SEATTLE — Like many business owners in Washington state, sisters Tara Espinoza and Sabrina Rinderle, proprietors of Queen Anne Dispatch in Seattle, were neither surprised nor unprepared for Gov. Jay Inslee's second round of COVID-19 restrictions.
Since the first restrictions in March, Espinoza and Rinderle have largely reengineered their combination boutique and mail-services business. Staff is fully trained in safety protocols. Floors are marked for social distance and the inventory mix is more "grab-and-go."
The finances aren't great. Sales are a fraction of pre-March levels and this time there's no federal Paycheck Protection loan. But their landlord is working with them and, importantly, customers are no longer in shock. Unlike in March, when "nobody was coming in the doors," customers are more "comfortable with the safety precautions," said Espinoza. "They know what to expect."
Across Seattle and the state, employers, workers and consumers are plunging into the second round of restrictions better prepared in some ways than they were eight months ago.
Of course, there have already been some reprises of the panic buying that followed the first restrictions in March. Another wave of closures and layoffs is probable, only this time quite possibly without the first COVID-19 shutdown's billions of dollars in small business loans, enhanced unemployment benefits and other federal relief, or the millions in local philanthropic relief.
But in other ways, this time may prove less dire for those businesses that have survived. Since March, much of the economy has adapted to COVID-19. Consumers are hardened to the new realities. Many businesses have come up with new strategies that, despite lower expectations for revenue and profit, could help operators get through this latest shutdown.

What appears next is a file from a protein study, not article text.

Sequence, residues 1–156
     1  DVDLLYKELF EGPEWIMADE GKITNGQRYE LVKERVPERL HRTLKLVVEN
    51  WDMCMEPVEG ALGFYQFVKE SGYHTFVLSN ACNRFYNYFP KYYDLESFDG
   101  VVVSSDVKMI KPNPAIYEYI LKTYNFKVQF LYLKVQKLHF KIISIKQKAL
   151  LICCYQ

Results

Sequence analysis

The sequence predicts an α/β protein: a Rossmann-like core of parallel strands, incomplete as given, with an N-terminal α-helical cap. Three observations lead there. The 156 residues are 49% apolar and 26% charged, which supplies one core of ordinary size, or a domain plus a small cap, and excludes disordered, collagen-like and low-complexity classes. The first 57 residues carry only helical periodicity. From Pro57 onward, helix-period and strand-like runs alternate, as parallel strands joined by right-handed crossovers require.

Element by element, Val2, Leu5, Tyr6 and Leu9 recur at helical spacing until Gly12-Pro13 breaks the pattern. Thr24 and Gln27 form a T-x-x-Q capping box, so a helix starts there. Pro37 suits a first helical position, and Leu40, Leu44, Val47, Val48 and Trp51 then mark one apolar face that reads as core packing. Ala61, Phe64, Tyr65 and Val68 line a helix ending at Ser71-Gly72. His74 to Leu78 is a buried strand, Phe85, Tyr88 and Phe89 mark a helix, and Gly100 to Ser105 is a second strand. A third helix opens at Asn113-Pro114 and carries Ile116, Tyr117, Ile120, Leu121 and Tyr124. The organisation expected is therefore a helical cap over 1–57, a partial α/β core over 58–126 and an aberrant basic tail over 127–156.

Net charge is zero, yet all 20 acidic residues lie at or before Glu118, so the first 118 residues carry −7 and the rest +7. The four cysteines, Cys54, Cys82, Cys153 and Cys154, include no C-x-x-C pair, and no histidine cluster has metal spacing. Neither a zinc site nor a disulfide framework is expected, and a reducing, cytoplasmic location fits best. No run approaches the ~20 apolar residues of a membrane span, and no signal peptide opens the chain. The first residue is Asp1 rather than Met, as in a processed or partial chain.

Critical systems such as supply chains also have been upgraded as companies incorporate lessons and strategies from the pandemic.
At the other end of the business spectrum from Queen Anne Dispatch is e-commerce giant Amazon. It too has adapted, though unlike many companies its sales have ballooned as more consumers shop from home. Amazon has poured $7.5 billion into its distribution network since the start of the year, hoping to avoid a repeat of its scramble early in the pandemic to stock distribution centers with cleaning supplies and home office equipment.
The company faced an onslaught of criticism as the ensuing ripple effect of shipping delays reverberated throughout its ecosystem of third-party sellers, and fulfillment center employees said they feared catching COVID-19 at work.
Amazon beefed up COVID-19 precautions in its distribution centers, hired 250,000 workers to meet surging demand for online shopping and expanded the square footage of its logistics infrastructure by 50%, Chief Financial Officer Brian Olsavsky said during a third-quarter earnings call. By midsummer, Amazon's own distribution network delivered nearly two thirds of the packages purchased on its site, up from roughly half in 2019 and just 20% the year before.